The other day I stumbled on a YouTube channel where pro-Puti...
Serge AMay 26, 2022 (0)
The name says it all. The situation is simply morbid. War is not a fist fight. It is a complex organization of three hierarchies -- strategic, operational and tactical -- separated by time and distance.
The strategic layer takes years, even perhaps a decade. This is the plan for war. During this time, the aggressor plans and implements operations involving the target country's domestic and international politics, intelligence gathering, insinuations, and staging of events. They may enlist intelligence offices and politicians. Behind the scenes, they may organize developments that even if noticed will soon be forgotten by regular folks like you and me. This stage takes the longest, and if your plan was to conquer territory, that won't happen here, because this portion consists of years of laying the groundwork.
The next stage is operational. This is the actual attack, and it follows the years of planning and intelligence gathering. Here, distance matters. Now the offensive side tries to grab the territory that for so many years it dreamed of taking over by killing people. The results depend on how well your strategic layer was executed. It is here where you use all the preparation and intelligence gathering to gain the biggest advantage and conquer the most territory. This stage usually sees territorial gain of tens of miles per day, resulting in gains of a hundred or more miles. It lasts as long as necessary to achieve the goal, as long as the supply lines reach the front line, or until the offensive is stopped.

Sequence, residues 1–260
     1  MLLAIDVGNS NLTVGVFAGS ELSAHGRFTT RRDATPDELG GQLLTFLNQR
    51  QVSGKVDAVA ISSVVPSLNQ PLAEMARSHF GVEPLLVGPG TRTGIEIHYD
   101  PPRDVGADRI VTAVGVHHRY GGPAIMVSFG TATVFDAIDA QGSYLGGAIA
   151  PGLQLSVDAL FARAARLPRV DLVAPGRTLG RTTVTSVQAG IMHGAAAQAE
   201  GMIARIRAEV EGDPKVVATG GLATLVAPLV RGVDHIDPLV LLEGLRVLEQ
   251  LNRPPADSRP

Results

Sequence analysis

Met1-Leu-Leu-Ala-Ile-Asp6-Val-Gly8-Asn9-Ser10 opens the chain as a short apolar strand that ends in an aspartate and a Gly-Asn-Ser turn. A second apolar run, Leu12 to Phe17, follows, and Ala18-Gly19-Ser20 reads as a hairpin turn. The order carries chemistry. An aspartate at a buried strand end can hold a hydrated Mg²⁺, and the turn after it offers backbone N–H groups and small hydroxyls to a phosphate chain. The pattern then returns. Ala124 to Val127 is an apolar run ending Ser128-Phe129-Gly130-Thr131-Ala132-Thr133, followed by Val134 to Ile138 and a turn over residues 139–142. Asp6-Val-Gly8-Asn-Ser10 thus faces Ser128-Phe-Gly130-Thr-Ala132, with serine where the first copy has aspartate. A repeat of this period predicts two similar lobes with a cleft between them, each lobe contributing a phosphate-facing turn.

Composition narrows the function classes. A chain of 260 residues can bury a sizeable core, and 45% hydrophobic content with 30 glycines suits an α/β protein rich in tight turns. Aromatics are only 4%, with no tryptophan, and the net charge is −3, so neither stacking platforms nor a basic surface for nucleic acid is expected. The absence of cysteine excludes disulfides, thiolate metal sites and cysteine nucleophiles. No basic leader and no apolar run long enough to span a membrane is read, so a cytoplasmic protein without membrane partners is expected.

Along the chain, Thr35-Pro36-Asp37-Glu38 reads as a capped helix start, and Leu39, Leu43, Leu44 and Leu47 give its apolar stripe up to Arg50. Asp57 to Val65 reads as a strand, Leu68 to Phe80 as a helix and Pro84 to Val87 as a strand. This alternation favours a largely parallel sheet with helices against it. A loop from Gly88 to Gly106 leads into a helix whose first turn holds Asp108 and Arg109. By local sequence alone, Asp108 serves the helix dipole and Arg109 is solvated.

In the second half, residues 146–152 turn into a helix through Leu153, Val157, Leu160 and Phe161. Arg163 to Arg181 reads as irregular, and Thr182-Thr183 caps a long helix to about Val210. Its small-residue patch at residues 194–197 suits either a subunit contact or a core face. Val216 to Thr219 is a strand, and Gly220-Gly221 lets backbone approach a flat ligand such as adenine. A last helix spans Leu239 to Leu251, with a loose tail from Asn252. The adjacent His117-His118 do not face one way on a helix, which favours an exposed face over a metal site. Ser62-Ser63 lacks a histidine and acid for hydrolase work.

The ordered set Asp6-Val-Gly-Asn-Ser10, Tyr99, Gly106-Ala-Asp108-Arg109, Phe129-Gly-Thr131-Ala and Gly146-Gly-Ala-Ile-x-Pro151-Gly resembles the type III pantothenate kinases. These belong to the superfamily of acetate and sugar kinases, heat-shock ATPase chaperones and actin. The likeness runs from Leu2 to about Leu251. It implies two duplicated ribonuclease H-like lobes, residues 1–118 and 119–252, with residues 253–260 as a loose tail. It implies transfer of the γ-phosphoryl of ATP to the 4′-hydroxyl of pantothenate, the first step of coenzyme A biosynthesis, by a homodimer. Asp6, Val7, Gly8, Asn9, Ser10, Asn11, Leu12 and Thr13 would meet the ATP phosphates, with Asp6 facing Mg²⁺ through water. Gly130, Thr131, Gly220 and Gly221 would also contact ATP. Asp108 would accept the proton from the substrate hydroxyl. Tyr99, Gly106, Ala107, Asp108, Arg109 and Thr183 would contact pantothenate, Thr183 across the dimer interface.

The third and final stage is tactical. By definition, tactics are situational. Usually, this is when the aggressor stops either because it has achieved its goals or because it has been stymied by the defense. The attacker then sees small gains of territory, perhaps five to ten miles, sometimes none. It is here where the real combat starts. This is where you plan positions, use tactics such as hit and run, maneuver to try to gain advantage and hit your enemy by destroying its defensive positions and in the best-case scenario winning the conflict.
Russia spent a decade planning the war during its strategic stage. The takeovers of Crimea and parts of Donbas were implementations of Plan B. Plan A was to enslave Ukraine in perpetuity. But that didn't happen. Instead, Russia got a revolution in Ukraine and the takedown of its puppet president, Victor Yanukovich. For the next eight years, Russia implemented its strategy of fostering dependence on its natural resources among European and other world economies; consequently, the rest of the world ignored Russia's murderous intent towards Ukraine.
The full-fledged attack on February 24th marked the beginning of the operational layer. Russia's failure to quickly triumph over Ukraine was due to poor strategic planning. Russia mistakenly thought it would be a cakewalk, and higher army officers even reserved tables at restaurants in Kyiv to celebrate their victory.